Home & Garden

I’m no gardener, but this device helped me grow veggies indoors

This AI-enabled smart garden is the secret to my home-grown produce.

Gardyn, a vertical hybriponic indoor growing system, is in the center of the image with vegetable plants growing from the columns. There's a mirror to the left of the device. Credit: Reviewed / Valerie Li Stack

Recommendations are independently chosen by Reviewed’s editors. Purchases you make through our links may earn us a commission.

I’m always jealous of people with a green thumb. As a person who’s interested in fresh produce but has never successfully grown any, I’ve kept “gardening” on my bucket list for some time.

I was curious to see how the Gardyn device works in real life after seeing it at the virtual CES this year, so I received one to test. I planted 30 vegetables and herbs in the Gardyn system and followed the hands-off approach, including taking a 12-day vacation while only monitoring the progress via the mobile app.

What is Gardyn?

What is Gardyn
Credit: Reviewed / Valerie Li Stack

Gardyn is a smart indoor device that helps people grow produce at home.

Gardyn is a hybriponic indoor gardening system—similar to hydroponic, only this technology recirculates water in a closed loop, which reduces water usage significantly. For gardening novices like me, this AI-enabled system can take care of most of the work that goes into growing plants.

The brand’s website currently offers three options for purchasing this indoor gardening system: the Starter Kit, Starter Kit + One-Year Membership, and the Starter Kit + Two-Year Membership. The latter two options include a subscription to the optional Kelby growing assistant app (more on that later). We tried the most basic option, the Gardyn Home Starter Kit.

What’s included in the Gardyn Home Starter Kit?

What's included
Credit: Reviewed / Valerie Li Stack

The yCubes and the device came in two separate packages.

The Gardyn Home Starter Kit comes with a base and three columns, into which you can pop in the seed pods, called “yCubes.” The kit includes 30 yCubes with seeds—the Gardyn website offers a big and expanding selection of yCubes with various seeds pre-packed. I opted for the standard assortment of seeds: butterhead lettuce, basil, cherry tomatoes, green mustard, and cardinale lettuce. For refills, users can select the seeds they like. It also comes with a bag of plant food, a rubber yCube holder for trimming and harvesting, and yCube covers.

The base houses a six-gallon water reservoir and a pump that brings water to the seeds in the yCubes. To solve the potential sunlight limitations of indoor growing, there are two poles sticking out of the base with LED grow lights that generate simulated sunlight to aid the plants’ growth.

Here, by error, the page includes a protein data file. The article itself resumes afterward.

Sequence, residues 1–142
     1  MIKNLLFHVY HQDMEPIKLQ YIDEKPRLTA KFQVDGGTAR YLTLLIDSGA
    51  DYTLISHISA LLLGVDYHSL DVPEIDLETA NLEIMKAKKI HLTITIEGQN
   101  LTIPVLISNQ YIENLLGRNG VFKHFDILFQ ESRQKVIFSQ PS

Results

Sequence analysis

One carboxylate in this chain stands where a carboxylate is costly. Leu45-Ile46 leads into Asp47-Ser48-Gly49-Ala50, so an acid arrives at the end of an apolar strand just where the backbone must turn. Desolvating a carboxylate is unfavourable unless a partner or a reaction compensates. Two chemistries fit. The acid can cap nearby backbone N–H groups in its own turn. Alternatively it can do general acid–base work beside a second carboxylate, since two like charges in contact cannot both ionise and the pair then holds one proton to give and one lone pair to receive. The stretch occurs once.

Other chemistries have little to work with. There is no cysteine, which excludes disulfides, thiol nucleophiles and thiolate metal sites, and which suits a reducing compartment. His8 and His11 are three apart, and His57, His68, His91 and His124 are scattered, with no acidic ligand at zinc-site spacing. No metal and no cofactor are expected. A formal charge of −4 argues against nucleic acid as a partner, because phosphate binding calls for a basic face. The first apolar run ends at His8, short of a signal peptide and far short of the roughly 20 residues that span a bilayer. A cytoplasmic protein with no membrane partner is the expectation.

AppDesign
Credit: Reviewed / Valerie Li Stack

The Gardyn app is easy to navigate. You can even access the two cameras to check on your plants.


If you purchase the Starter Kit + One-Year Membership or the Starter Kit + Two-Year Membership, you can access the watering and lighting schedules via the mobile app, as well as visually check the progress through the built-in cameras. When it’s time to harvest, head to the plant book in the app, which houses all the information about each plant.

What’s not included

What's not included
Credit: Reviewed / Valerie Li Stack

Kelby the growing assistant can help maintain the proper growth of all plants.

If you purchase the basic Starter Kit, you’ll have to pay an additional $39 per month for Kelby the growing assistant. Kelby will help you grow your plants quickly and keep them healthy by sending you notifications via the app, letting you know when to trim the leaves or to harvest the plants.

But the system can function without the membership, too. You can treat the Gardyn growing system like a traditional indoor garden by monitoring for visual cues when it comes to watering and harvesting. And don't panic if you're new to this! We've got you covered with gardening tips.

Additional yCubes with seeds must be purchased via the brand’s website, or you can use your own seeds by purchasing the seedless yCubes.

How to set up the Gardyn hybriponic indoor vertical garden

How to set up
Credit: Reviewed / Valerie Li Stack

Despite a few roadblocks, I set up the Gardyn with my husband's help in two hours.

The set-up process was fairly straightforward. It took me and my husband about two hours to set it up because the language in the instructions wasn't the most clear. We also found the hardware attached to the LED light poles a bit confusing to assemble. Thankfully, a combination of video tutorials and Gardyn’s customer support was really available to help us complete the set up. Once the hardware was assembled, the rest of the process became relatively easy.